Fold3: Original military records online

Fold3 Blog

The official blog of Fold3

The New Holocaust Collection

The National Archives and Records Administration (NARA) and Footnote.com released the internet’s largest Interactive Holocaust Collection today. The collection can be viewed at www.footnote.com/holocaust. The collection has over one million Holocaust related records; including millions of names and 26,000 photos from the National Archives.

“We cannot afford to forget this period in our history” said Dr. Michael Kurtz, Assistant Archivist of the United States and author of America and the Return of Nazi Contraband: The Recovery of Europe’s Cultural Treasures. “Working with Footnote, these records will become more widely accessible, and will help people now and in the future learn more about the events and impact of the Holocaust.”

Included among the National Archives records available online at Footnote.com are:

Buchenwald1.jpg

The collection also includes nearly 600 interactive personal accounts of those who survived or perished in the Holocaust provided by the U.S. Holocaust Memorial Museum. The project incorporates social networking tools that enable visitors to search for names and add photos, comments and stories, share their insights, and create pages to highlight their discoveries. There will be no charge to access and contribute to these personal pages.

Visit The Holocaust Collection for free in the month of October.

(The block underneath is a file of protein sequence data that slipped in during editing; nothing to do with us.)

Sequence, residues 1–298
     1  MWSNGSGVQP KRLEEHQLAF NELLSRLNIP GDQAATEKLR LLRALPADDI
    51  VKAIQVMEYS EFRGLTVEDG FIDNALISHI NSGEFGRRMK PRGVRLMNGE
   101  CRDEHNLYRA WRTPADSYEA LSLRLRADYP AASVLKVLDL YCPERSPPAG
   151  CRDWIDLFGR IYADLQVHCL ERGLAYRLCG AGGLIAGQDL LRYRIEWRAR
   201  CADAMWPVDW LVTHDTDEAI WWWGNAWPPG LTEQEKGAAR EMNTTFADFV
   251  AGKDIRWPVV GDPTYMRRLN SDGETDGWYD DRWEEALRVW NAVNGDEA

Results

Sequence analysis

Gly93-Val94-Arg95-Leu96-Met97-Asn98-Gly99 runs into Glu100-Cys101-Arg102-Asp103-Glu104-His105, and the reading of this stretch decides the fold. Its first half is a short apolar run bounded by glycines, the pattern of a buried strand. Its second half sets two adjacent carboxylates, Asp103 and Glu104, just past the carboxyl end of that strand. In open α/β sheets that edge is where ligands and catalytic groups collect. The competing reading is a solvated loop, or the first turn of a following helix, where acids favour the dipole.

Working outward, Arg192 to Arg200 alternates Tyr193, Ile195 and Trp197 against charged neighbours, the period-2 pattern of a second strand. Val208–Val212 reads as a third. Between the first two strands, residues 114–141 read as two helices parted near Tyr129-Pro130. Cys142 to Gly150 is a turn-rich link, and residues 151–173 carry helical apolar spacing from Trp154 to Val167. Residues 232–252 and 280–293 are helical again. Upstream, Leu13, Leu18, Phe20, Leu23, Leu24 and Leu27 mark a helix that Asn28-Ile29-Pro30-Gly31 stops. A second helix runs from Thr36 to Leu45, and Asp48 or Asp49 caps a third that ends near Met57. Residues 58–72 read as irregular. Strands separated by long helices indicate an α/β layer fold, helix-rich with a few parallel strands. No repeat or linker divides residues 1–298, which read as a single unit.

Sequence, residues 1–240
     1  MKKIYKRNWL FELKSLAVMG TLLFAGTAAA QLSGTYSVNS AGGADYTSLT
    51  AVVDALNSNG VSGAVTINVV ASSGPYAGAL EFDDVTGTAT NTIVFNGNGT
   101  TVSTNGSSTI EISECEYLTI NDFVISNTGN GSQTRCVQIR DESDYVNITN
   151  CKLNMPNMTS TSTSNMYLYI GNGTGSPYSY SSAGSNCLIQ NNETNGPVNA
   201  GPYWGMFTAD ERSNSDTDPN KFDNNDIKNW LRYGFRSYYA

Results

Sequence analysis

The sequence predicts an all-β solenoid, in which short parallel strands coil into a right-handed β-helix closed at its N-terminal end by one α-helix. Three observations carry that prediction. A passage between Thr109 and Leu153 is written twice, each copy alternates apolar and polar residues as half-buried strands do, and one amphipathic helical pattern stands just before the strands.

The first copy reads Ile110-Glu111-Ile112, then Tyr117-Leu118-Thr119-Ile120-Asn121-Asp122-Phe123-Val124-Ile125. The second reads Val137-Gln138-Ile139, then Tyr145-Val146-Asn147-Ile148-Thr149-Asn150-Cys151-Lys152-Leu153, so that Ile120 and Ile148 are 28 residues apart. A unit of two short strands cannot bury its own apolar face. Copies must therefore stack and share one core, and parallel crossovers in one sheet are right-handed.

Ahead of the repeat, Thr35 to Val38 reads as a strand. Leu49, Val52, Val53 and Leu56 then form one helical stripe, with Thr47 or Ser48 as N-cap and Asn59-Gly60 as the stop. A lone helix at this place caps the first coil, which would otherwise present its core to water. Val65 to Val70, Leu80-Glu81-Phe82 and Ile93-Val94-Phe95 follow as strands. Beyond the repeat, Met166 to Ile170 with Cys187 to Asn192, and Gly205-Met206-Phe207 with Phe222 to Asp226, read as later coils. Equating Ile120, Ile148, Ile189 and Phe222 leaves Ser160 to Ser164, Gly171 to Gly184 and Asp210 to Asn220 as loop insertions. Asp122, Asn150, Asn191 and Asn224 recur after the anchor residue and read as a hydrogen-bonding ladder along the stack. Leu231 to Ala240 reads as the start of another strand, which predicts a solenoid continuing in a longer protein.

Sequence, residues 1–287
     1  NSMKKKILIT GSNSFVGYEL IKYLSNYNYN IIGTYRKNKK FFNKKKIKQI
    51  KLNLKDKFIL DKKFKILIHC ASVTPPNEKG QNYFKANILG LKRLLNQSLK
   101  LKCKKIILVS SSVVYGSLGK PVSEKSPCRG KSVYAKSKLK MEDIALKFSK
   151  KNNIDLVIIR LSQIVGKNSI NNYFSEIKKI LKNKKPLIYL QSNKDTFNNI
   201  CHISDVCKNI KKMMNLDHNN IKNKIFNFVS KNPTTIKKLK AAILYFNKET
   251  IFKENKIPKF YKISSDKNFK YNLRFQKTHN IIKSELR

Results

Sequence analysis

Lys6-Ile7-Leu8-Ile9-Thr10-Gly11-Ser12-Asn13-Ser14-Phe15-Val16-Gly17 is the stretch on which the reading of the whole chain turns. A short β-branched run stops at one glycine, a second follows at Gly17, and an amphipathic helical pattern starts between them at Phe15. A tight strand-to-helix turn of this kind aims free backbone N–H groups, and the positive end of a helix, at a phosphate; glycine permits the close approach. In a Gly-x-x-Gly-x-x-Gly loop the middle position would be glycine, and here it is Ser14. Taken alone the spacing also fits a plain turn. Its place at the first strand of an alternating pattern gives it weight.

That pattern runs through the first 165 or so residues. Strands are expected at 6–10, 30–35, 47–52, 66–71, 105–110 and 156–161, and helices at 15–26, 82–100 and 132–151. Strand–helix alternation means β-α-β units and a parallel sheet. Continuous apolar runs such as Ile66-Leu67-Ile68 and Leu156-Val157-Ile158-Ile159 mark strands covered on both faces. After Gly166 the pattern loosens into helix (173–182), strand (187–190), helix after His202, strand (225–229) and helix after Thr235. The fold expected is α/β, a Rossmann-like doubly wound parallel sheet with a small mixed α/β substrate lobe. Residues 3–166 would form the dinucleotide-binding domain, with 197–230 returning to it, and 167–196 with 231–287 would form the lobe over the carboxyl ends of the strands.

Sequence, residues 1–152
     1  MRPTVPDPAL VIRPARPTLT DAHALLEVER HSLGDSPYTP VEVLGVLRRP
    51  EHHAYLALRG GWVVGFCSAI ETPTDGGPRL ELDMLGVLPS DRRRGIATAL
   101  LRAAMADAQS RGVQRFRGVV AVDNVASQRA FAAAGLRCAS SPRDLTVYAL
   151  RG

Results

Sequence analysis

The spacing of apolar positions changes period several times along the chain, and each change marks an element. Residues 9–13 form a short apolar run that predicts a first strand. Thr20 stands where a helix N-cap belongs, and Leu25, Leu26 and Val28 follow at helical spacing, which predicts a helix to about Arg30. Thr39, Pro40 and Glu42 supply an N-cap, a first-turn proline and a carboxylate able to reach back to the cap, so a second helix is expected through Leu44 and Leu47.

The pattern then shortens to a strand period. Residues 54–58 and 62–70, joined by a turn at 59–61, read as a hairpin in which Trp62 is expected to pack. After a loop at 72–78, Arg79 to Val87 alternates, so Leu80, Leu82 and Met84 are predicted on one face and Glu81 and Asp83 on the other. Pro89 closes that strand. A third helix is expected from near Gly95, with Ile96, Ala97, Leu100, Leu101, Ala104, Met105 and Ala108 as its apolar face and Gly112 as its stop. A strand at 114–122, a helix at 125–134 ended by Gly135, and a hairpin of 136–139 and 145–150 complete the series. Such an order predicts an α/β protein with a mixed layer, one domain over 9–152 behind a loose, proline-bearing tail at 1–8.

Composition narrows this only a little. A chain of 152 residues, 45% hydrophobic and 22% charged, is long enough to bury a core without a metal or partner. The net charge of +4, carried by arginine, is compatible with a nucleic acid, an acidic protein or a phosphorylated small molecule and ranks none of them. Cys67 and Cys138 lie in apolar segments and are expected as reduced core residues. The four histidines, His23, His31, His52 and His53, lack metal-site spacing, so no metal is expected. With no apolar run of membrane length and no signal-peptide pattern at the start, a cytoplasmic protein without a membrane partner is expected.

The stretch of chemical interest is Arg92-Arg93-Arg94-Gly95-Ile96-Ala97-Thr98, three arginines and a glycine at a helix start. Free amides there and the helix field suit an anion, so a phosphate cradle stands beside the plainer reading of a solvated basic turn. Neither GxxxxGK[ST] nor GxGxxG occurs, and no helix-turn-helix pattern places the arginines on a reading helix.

3 Comments

  1. The publication of these monumentous records while invaluable to historians will go even further and document in a now publically accessible way to all of the peoples of the world just how horrific the suffering was and will go further to suppress revisionist history that would deny the tragedy of the Holocaust. To those who survive the atrocities this gives further validation on a personal level of their losses and those of their loved ones. To see the name of a loved one is indescribable. Thank you to all those who made these available.

  2. Thank you for making these records accessible online.

    At a time when some political leaders and others still deny that this horrific tragedy ever took place, these materials provide evidence of the atrocities and the places where they were carried out.

  3. Pingback: Holocaust-Dokumente aus US-Nationalarchiven online | GeschichtsPuls